Reel Talk

Godzilla: King of the Monsters and the Kaiju Balance



In the world of long-running successful movie franchises, I think you can make a pretty strong argument for labeling the Godzilla films as some of the absolute strangest successes. I grew up watching random Godzilla flicks when they’d be on cable, not really understanding any sort of viewing order, or any real continuity going on. I was there for monster fights, while doing my best to ignore any sort of plot being handed to me by dubbed performances I, at the time, couldn’t have cared less about. And then, as I grew older, I found out that the first Godzilla film was a very highly regarded film that largely served as a meditation on the effects of nuclear weapons, making the series’ rapid decline into monster-wrestling even more perplexing. But, I’ve always had an affection for old Godzilla, and have usually been up for any attempts to bring the big guy back to the big screen, even though American creators have had a pretty shaky track record with pulling that off. Which, led us to 2014’s Godzilla, an attempt to get a new Godzilla franchise up and running in America, that attempted to do what the original film did, tell a story with some emotional weight that just so happens to have a giant lizard in it as well. And, people generally forgot about it. It has fanbase, but it generally seemed to have shown the studios that people didn’t really want a dour and brooding Godzilla movie. Which brings us to the pseudo-sequel, Godzilla: King of the Monsters, a movie that decided to go in a very different direction, for better or worse.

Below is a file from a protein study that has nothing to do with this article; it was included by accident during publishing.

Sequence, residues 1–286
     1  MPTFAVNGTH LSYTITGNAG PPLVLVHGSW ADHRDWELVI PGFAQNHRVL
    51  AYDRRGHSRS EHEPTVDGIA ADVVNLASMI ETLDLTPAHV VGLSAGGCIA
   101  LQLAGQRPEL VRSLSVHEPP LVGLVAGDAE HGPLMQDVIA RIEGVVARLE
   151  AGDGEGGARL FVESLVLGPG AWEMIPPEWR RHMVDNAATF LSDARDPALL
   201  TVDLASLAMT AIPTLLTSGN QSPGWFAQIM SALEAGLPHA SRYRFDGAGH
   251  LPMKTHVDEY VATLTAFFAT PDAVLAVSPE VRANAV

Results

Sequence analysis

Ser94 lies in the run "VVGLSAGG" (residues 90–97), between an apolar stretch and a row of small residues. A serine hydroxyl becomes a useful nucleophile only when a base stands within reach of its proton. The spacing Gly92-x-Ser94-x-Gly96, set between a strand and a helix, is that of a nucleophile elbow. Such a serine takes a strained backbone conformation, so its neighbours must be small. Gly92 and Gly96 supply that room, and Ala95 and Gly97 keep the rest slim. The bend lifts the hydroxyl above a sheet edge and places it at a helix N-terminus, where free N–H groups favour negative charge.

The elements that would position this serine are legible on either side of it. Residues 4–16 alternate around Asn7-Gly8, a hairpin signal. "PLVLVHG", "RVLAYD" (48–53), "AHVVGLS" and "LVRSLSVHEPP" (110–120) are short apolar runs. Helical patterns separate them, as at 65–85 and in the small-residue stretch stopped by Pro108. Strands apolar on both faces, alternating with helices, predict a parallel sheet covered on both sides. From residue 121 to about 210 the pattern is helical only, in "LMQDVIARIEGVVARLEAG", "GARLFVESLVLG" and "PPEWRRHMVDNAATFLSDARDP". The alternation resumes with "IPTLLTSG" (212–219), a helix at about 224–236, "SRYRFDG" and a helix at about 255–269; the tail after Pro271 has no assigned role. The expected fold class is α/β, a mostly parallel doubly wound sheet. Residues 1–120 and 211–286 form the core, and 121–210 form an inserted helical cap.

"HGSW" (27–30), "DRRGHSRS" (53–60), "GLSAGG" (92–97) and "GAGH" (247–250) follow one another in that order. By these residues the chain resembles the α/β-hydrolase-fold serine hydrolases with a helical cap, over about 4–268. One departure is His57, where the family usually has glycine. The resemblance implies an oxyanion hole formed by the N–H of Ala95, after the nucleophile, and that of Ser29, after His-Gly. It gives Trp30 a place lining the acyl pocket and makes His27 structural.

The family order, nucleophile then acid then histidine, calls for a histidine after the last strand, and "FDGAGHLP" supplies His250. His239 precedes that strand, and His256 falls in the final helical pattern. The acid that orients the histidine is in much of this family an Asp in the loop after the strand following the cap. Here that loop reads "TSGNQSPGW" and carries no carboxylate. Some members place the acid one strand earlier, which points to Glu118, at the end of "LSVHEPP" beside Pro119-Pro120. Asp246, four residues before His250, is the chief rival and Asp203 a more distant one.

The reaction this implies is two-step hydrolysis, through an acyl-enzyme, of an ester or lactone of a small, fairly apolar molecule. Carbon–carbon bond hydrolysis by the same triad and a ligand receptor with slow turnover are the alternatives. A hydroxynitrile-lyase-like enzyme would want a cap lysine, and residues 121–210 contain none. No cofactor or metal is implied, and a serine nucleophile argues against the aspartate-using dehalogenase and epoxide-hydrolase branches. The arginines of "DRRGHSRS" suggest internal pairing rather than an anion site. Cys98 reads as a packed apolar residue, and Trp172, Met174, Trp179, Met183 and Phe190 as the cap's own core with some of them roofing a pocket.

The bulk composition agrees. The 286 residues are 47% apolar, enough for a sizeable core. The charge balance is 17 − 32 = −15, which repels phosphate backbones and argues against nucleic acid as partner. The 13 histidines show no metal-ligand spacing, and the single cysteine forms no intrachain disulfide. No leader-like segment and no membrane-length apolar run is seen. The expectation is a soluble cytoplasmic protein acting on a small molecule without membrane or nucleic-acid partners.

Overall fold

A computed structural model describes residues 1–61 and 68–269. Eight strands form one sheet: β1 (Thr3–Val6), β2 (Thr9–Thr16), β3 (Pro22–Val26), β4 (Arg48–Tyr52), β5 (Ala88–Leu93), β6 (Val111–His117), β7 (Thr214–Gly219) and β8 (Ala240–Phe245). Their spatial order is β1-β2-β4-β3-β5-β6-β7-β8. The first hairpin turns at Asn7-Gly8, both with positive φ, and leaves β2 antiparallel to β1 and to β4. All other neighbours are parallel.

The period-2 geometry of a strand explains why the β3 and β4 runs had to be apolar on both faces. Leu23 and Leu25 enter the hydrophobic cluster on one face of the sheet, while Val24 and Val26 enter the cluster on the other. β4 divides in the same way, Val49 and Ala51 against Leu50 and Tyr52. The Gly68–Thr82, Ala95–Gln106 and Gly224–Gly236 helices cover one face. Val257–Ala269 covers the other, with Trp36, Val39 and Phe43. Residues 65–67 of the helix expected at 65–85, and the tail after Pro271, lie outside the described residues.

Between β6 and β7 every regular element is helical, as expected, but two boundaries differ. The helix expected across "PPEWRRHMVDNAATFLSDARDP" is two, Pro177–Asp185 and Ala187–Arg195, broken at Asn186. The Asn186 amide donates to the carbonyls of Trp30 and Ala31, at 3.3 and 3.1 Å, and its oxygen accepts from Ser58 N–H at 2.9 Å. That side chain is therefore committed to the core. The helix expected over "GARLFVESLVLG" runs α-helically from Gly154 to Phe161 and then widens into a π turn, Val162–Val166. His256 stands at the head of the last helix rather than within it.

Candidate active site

King of the Monsters takes place several years after Godzilla revealed himself to the world and in the process destroyed San Francisco and Las Vegas. Humanity has done their best to move on from this, while dealing with occasional issues with other giant monsters, and in the process has formed an organization known as Monarch who is set to observe and research these Titans. And this has led to a scientist, Emma Russell, creating a device known as the Orca, which can communicate and somewhat control Titans. Unfortunately, this project becomes of interest for an eco-terrorist named Alan Jonah, who abducts Russell and her daughter Madison in order to use the Orca to awaken several Titans so they can wreck havoc on the world. A group of Monarch scientists, led by Dr. Ishiro Serizawa, reach out to Russell’s estranged husband Mark to get his help finding Russell and the Orca. With his expertise they’re able to track the Orca to Antartica, where one of the most powerful Titans is slumbering in the ice. The Monarch team attempts to storm the facility and stop Jonah, and in the process learn that Russell is actually working with them. Apparently in the ensuing years since the attacks Las Vegas and San Francisco have experienced vast ecological growth, and she and Jonah believe that by unleashing the Titans they will reap the Earth and bring about a new ecological golden age.And they get that ball rolling by awakening Ghidorah, a three-headed dragon.